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Nat Commun. 2018 Dec 4;9(1):5150. doi: 10.1038/s41467-018-07582-3.

Spatially and functionally distinct subclasses of breast cancer-associated fibroblasts revealed by single cell RNA sequencing.

Author information

1
Division of Translational Cancer Research, Department of Laboratory Medicine, BioCARE, Lund University, Medicon Village, 22381, Lund, Sweden.
2
Department of Biology, National Bioinformatics Infrastructure Sweden, Science for Life Laboratory, Lund University, Sölvegatan 35, 22362, Lund, Sweden.
3
Department of Oncology and Pathology, Karolinska Institutet, Karolinska Universititetssjukhuset Z1:01, 17176, Stockholm, Sweden.
4
Division of Molecular Hematology, Lund Stem Cell Center, Lund University, BMC B12, 22184, Lund, Sweden.
5
Division of Oncology and Pathology, Department of Clinical Sciences, Lund University, Skåne University Hospital, 22185, Lund, Sweden.
6
Department of Cell and Molecular Biology, National Bioinformatics Infrastructure Sweden, Science for Life Laboratory, Uppsala University, Husargatan 3, 75237, Uppsala, Sweden.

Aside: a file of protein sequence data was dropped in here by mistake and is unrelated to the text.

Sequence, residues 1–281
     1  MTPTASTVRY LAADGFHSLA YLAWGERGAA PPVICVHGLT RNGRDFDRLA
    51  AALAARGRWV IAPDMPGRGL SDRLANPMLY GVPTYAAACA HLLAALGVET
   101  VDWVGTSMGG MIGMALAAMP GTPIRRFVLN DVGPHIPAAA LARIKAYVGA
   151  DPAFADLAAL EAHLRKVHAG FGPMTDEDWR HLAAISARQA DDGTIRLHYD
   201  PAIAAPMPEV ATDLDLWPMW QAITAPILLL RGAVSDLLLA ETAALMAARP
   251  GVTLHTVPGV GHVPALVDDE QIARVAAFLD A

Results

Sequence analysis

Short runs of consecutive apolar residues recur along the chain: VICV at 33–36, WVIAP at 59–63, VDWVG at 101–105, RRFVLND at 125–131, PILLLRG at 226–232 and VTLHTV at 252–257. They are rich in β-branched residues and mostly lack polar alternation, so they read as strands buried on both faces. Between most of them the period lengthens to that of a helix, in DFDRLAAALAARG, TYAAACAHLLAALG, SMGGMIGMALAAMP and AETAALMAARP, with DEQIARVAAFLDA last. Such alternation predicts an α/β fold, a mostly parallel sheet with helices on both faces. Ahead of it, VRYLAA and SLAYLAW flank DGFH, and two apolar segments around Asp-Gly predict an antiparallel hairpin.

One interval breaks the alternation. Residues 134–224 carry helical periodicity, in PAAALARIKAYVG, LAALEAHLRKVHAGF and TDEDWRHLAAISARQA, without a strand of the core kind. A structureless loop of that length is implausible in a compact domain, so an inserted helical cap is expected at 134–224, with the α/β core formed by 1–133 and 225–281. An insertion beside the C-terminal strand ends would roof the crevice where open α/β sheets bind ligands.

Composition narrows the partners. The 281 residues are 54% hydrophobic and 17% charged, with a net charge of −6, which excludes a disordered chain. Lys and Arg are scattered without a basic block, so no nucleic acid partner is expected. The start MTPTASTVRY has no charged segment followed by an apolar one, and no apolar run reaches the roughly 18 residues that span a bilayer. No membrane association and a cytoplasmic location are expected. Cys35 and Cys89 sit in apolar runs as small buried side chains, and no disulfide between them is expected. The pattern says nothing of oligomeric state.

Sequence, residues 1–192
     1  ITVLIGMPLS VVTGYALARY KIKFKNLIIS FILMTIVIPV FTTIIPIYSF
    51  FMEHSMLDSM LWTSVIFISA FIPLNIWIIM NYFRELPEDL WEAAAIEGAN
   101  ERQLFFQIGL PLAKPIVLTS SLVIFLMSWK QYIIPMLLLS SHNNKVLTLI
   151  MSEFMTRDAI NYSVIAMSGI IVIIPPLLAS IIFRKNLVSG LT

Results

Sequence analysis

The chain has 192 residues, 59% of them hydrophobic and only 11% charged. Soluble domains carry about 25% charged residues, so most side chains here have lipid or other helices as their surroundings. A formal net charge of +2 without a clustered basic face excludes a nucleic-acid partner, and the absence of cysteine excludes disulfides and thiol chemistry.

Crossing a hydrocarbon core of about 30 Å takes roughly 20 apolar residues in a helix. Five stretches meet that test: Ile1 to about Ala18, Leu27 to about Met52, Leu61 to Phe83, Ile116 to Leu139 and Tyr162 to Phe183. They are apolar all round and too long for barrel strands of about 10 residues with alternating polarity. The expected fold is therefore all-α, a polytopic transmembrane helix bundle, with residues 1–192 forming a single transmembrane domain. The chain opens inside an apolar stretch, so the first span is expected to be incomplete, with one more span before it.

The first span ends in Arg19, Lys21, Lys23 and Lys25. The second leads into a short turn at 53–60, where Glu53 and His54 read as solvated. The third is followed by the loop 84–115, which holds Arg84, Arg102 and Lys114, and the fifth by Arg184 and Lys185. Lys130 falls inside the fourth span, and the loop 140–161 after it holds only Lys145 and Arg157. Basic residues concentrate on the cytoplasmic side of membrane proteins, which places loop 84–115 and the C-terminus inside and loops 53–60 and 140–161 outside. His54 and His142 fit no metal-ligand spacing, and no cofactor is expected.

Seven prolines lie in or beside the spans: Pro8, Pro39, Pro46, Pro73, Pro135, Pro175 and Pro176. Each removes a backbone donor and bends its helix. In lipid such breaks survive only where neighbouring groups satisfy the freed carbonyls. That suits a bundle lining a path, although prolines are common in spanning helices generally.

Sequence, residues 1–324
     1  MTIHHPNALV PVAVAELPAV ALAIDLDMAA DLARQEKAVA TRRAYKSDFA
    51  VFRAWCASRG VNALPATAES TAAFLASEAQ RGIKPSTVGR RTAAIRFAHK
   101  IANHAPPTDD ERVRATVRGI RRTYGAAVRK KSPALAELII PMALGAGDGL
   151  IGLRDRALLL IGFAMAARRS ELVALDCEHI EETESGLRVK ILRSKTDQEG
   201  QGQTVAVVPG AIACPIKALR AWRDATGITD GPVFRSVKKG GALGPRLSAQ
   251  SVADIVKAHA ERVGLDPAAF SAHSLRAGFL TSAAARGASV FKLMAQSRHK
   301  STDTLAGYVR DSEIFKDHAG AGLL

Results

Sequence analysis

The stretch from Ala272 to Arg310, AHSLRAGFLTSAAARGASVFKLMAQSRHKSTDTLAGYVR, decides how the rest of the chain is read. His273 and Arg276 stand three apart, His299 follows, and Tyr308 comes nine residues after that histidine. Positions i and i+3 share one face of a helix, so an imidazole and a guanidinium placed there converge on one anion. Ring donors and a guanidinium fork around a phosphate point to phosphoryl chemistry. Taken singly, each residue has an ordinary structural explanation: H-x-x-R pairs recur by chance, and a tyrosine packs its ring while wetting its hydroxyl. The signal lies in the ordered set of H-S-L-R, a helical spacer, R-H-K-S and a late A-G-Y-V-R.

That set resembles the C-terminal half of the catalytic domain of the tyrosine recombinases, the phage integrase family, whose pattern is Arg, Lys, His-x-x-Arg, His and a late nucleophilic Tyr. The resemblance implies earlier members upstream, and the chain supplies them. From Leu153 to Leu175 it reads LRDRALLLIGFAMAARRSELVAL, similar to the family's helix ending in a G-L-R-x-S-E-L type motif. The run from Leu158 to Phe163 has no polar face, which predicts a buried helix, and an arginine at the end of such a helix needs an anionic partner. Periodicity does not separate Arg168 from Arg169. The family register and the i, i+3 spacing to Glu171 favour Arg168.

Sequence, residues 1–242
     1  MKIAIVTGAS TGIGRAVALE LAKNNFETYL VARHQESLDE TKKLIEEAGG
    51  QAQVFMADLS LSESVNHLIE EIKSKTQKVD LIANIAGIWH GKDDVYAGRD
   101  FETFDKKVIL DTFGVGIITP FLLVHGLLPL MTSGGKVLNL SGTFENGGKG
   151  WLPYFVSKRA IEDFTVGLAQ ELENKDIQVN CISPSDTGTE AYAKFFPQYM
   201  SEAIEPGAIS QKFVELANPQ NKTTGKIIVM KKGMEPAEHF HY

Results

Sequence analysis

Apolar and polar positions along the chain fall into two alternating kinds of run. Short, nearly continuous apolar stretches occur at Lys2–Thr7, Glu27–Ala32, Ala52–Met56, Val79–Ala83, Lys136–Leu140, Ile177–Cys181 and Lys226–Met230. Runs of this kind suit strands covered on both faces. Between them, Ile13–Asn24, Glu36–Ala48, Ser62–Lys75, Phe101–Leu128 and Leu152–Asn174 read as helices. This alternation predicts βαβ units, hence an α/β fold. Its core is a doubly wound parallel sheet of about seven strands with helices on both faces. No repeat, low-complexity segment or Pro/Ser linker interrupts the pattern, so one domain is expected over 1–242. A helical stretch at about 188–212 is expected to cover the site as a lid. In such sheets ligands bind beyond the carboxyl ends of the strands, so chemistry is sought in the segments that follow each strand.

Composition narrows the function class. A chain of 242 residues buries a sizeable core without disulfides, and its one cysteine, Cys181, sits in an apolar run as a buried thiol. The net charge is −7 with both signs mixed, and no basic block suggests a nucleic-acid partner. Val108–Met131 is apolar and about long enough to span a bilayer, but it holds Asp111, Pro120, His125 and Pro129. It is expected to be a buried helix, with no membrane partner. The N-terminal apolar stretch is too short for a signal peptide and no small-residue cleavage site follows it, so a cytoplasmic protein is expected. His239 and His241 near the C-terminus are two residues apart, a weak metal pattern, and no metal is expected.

7
Division of Translational Cancer Research, Department of Laboratory Medicine, BioCARE, Lund University, Medicon Village, 22381, Lund, Sweden. Kristian.Pietras@med.lu.se.

Abstract

Cancer-associated fibroblasts (CAFs) are a major constituent of the tumor microenvironment, although their origin and roles in shaping disease initiation, progression and treatment response remain unclear due to significant heterogeneity. Here, following a negative selection strategy combined with single-cell RNA sequencing of 768 transcriptomes of mesenchymal cells from a genetically engineered mouse model of breast cancer, we define three distinct subpopulations of CAFs. Validation at the transcriptional and protein level in several experimental models of cancer and human tumors reveal spatial separation of the CAF subclasses attributable to different origins, including the peri-vascular niche, the mammary fat pad and the transformed epithelium. Gene profiles for each CAF subtype correlate to distinctive functional programs and hold independent prognostic capability in clinical cohorts by association to metastatic disease. In conclusion, the improved resolution of the widely defined CAF population opens the possibility for biomarker-driven development of drugs for precision targeting of CAFs.

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